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Tell the Story Behind Your Traditions

Avoid Stress and Disappointment During the Holidays

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Photo ©  Sheri  Stritof

Odie in a Wine Bottle

Photo © Sheri Stritof
Whether you are in an interfaith marriage, or you both belong to the same religious faith, it is important that as you decide on which traditions to follow during the holidays and life-cycle celebrations, that you both understand the meaning and story behind the traditions you want to celebrate.

While there is a comforting familiarity in returning to traditions that you've loved most of your life, the traditions and celebrations can become a source of tension and disappointment in your marriage if they aren't fully discussed and understood.

The story behind a tradition needs to be told so it has meaning to not only you, but to your spouse.

Example: The Easter Ham Story

As a little girl watches her mom prepare the Easter ham, she wonders why her mother cuts off both ends of the ham before putting it in the pot. So, she asks why, and her mom realizes that she doesn't know. That's the way her mother prepared the Easter ham.

So they call grandmother and pose the question about cutting off the ends of the Easter ham. Grandmother admits to not knowing either. She just prepared the ham the way her mom did it.

Their next call is to great-grandmother. When they ask her about her method of preparing the Easter ham, she laughs. Then she says, "It was the only way I could get the Easter ham to fit the small pot I had!"

Fun Traditions in Your Marriage:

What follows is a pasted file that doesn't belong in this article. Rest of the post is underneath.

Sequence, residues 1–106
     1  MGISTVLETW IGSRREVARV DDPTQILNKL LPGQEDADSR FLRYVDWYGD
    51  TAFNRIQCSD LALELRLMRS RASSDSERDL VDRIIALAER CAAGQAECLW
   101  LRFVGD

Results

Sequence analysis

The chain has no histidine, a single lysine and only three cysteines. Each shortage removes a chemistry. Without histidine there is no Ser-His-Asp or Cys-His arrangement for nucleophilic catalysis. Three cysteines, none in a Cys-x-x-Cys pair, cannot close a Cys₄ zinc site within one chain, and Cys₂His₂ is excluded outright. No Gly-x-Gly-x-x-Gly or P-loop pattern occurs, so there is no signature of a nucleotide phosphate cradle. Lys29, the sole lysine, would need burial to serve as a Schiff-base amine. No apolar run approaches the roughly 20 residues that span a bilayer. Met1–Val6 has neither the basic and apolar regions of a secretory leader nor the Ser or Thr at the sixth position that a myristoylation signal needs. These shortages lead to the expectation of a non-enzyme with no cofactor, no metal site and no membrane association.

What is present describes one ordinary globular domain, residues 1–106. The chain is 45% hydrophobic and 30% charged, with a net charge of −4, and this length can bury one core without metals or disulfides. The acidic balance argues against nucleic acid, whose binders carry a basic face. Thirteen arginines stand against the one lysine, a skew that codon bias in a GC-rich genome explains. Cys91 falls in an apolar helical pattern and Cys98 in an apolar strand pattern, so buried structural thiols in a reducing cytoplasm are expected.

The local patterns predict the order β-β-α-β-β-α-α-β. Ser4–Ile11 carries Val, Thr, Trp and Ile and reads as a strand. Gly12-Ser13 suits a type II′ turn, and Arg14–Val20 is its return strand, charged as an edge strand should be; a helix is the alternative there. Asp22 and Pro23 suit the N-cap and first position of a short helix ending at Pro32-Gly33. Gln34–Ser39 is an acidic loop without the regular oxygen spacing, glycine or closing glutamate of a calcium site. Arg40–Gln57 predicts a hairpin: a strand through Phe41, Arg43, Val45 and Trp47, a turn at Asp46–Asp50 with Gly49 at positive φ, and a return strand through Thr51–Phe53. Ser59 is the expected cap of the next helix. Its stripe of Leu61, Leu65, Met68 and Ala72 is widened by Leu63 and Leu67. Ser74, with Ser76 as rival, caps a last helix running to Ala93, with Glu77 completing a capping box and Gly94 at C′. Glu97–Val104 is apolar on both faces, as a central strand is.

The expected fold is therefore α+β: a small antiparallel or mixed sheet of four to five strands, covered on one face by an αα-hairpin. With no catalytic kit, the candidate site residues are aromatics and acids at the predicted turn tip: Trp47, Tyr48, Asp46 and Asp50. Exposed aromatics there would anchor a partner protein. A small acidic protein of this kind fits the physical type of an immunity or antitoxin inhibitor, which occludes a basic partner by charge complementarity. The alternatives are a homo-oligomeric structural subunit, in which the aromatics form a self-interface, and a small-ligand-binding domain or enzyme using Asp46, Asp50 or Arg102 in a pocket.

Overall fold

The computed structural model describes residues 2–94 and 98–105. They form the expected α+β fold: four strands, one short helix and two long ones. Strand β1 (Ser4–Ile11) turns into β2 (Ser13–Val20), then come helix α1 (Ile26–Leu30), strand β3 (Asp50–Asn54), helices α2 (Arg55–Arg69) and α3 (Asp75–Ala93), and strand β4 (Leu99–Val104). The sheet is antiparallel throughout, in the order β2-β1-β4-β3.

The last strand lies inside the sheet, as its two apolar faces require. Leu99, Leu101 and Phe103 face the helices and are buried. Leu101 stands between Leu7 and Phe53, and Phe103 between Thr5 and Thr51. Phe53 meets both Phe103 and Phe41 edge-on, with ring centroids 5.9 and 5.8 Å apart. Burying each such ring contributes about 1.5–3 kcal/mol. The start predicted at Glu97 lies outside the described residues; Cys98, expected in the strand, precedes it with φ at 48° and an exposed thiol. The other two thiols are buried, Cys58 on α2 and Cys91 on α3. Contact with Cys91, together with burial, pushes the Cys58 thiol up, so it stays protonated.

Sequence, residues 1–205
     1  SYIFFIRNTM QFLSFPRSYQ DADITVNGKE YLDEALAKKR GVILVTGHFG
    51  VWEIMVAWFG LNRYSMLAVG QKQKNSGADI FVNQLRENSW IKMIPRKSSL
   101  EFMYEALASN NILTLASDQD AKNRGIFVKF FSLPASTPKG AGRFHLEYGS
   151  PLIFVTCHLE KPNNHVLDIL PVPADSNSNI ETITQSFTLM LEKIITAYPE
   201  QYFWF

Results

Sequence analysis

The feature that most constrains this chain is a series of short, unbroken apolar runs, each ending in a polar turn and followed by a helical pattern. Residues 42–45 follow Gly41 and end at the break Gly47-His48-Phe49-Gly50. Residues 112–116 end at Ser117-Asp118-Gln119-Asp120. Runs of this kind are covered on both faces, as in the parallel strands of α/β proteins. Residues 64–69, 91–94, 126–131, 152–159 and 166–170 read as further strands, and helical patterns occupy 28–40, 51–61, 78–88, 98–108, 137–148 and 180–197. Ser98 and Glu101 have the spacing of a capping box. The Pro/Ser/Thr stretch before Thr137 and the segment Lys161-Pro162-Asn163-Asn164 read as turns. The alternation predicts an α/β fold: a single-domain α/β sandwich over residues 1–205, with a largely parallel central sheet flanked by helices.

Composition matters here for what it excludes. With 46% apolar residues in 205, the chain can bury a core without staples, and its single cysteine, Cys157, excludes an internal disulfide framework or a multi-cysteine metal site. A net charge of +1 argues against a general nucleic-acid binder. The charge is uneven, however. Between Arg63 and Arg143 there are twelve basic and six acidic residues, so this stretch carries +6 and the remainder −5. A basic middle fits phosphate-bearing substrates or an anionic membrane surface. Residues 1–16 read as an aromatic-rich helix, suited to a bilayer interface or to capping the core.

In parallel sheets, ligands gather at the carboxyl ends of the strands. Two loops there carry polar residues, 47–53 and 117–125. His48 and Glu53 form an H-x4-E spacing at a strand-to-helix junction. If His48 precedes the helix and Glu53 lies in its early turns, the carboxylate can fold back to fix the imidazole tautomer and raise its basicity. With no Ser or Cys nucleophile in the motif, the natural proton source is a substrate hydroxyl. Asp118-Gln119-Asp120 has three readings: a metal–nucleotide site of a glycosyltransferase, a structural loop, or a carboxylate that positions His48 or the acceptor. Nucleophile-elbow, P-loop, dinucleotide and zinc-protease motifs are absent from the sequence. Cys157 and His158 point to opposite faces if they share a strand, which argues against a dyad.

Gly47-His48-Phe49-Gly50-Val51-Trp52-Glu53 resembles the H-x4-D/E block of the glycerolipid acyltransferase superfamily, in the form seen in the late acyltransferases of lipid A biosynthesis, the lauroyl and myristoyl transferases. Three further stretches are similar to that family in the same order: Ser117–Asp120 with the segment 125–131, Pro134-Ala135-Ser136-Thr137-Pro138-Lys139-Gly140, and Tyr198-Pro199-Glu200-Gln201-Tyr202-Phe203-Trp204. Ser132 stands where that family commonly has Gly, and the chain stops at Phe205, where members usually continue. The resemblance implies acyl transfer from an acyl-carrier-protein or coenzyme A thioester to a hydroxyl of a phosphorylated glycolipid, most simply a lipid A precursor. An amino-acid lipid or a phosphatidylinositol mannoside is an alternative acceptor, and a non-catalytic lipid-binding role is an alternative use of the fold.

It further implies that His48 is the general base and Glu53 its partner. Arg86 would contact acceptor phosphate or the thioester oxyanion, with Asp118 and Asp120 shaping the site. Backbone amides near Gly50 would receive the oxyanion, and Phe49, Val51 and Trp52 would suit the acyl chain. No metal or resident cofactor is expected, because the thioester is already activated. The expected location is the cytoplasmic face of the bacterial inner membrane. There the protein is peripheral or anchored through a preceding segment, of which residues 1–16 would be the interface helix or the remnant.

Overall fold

• Move the Wise Men all over the house until they finally reach the crèche on January 6th, Epiphany.
  • Put a big brown paper leafless tree on an empty wall on New Year's Day. As the kids do good deeds or get good grades or finish up their chores, have them put up a symbol. January could be snowflakes; February, hearts; March, shamrocks; etc.
  • Use a beautiful or unique plate to be used only on birthdays or other memorable events and only the special person can use it that day.
  • Find a gift to pass back and forth through the years by creating unique gift wrapping. Our daughter and I still do this with a stuffed Odie!
  • For your dinner prayer, find a goblet that could become your Blessing Cup. Fill it with grape juice, and pass it around during your dinner prayer.
  • If your Tooth Fairy likes treasure hunts, have your kids hide their tooth and leave a note under their pillow with hints on where to find the tooth.
  • Spend part of special holidays walking around your neighborhood and picking up loose litter and trash.
  • Reach out to others as a family during the holidays by writing letters to military personnel stationed far away, serving at a soup kitchen, delivering toys to families in need, or visiting the elderly who are alone.
  • Spend a portion of special days looking at old family photographs and share memories with one another and with your children.

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